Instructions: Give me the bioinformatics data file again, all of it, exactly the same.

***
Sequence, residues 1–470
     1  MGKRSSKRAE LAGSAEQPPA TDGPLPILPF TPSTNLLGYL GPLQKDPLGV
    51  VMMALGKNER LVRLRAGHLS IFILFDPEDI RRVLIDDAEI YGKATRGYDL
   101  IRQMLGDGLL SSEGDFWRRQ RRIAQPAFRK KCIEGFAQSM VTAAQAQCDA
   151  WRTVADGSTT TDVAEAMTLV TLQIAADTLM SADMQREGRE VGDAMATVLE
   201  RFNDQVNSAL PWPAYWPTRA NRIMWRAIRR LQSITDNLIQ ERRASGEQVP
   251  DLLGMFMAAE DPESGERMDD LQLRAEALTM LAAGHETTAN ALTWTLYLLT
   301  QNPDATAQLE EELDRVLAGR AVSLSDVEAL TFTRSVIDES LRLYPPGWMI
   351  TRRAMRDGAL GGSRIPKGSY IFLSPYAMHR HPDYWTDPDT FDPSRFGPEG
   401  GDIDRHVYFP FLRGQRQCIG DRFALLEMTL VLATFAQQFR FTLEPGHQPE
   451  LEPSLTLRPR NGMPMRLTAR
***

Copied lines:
Sequence, residues 1–470
     1  MGKRSSKRAE LAGSAEQPPA TDGPLPILPF TPSTNLLGYL GPLQKDPLGV
    51  VMMALGKNER LVRLRAGHLS IFILFDPEDI RRVLIDDAEI YGKATRGYDL
   101  IRQMLGDGLL SSEGDFWRRQ RRIAQPAFRK KCIEGFAQSM VTAAQAQCDA
   151  WRTVADGSTT TDVAEAMTLV TLQIAADTLM SADMQREGRE VGDAMATVLE
   201  RFNDQVNSAL PWPAYWPTRA NRIMWRAIRR LQSITDNLIQ ERRASGEQVP
   251  DLLGMFMAAE DPESGERMDD LQLRAEALTM LAAGHETTAN ALTWTLYLLT
   301  QNPDATAQLE EELDRVLAGR AVSLSDVEAL TFTRSVIDES LRLYPPGWMI
   351  TRRAMRDGAL GGSRIPKGSY IFLSPYAMHR HPDYWTDPDT FDPSRFGPEG
   401  GDIDRHVYFP FLRGQRQCIG DRFALLEMTL VLATFAQQFR FTLEPGHQPE
   451  LEPSLTLRPR NGMPMRLTAR